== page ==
What is Aperture?
In optics, an aperture is a hole or an opening through which light travels. In all modern lenses, we have a diaphragm placed in the optical path, which controls the size, the area of this opening.
Diaphragm. Big or small aperture.
A diaphragm is a group of opaque blades mounted on a rotating mechanism. If this mechanism turns in one direction the blades are pushed toward the center of the lens. If it turns in the opposite direction the blades retract.
When the blades are pushed inward the opening inside the lens through which light travels is reduced. When the blades are retracted this opening widens until it reaches its maximum area. This area has the same diameter as the lens barrel and it can't grow larger for the physical limitations of the lens construction.
Aperture in Photography Definition. Aperture and Depth of Field.
Aperture in Photography is this opening, this hole through which light travels. When this opening called aperture gets smaller, two are the direct effects. First, less light reaches the film frame or the sensor. Second, the area of sharpness around the subject of our picture is increased.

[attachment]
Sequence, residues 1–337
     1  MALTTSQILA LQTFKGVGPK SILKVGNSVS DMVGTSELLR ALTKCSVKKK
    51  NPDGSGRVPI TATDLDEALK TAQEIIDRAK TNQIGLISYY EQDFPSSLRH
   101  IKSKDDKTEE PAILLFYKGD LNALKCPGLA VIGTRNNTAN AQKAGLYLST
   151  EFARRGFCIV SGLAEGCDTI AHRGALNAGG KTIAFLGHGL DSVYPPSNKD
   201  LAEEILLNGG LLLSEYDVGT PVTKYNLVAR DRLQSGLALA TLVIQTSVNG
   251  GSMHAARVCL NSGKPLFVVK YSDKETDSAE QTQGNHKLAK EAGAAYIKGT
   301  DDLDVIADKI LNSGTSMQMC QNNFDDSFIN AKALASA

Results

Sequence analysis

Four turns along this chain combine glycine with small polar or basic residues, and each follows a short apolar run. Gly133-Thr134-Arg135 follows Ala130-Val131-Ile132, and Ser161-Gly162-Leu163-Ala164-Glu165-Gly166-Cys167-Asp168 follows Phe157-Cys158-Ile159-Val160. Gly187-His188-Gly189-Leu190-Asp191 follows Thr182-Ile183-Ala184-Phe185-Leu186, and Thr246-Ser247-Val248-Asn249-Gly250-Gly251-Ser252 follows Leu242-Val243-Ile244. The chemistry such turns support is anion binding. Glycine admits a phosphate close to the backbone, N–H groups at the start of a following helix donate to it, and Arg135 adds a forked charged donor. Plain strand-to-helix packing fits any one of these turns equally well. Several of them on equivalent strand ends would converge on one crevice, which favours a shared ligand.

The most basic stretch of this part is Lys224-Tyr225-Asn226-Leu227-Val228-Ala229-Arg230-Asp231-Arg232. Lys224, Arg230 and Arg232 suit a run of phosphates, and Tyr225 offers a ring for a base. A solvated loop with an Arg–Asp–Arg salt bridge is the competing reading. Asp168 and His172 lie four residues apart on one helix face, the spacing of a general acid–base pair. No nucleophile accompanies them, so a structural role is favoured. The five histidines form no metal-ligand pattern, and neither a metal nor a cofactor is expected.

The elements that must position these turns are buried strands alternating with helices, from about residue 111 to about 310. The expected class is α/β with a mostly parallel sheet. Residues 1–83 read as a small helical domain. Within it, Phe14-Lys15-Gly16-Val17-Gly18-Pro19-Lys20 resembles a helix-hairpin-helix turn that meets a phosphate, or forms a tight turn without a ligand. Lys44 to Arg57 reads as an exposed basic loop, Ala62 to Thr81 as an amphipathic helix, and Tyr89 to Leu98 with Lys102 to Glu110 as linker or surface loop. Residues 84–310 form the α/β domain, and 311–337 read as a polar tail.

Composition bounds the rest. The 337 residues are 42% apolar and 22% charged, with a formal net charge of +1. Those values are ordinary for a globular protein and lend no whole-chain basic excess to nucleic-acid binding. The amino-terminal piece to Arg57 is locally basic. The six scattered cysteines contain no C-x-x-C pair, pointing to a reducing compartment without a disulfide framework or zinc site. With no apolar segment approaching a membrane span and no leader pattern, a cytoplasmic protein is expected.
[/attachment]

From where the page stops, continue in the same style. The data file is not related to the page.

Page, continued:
Aperture on camera is directly involved in two critical concepts pertaining photography: exposure and depth of field.
Stopping down the lens. Aperture and shutter speed.
In the photographer's lingo, we say we "stop down" the lens when we close the diaphragm, therefore reducing the aperture of the lens. In combination with shutter speed & ISO number, the aperture size will regulate the film's or image sensor's degree of exposure to light.
Camera Mode: Aperture Priority. Aperture examples.
The camera mode that goes by the letter A is the mode that lets the photographer control Aperture. In this mode, the photographer picks the Aperture setting and the camera, after metering, sets the Shutter Speed and the ISO Number.
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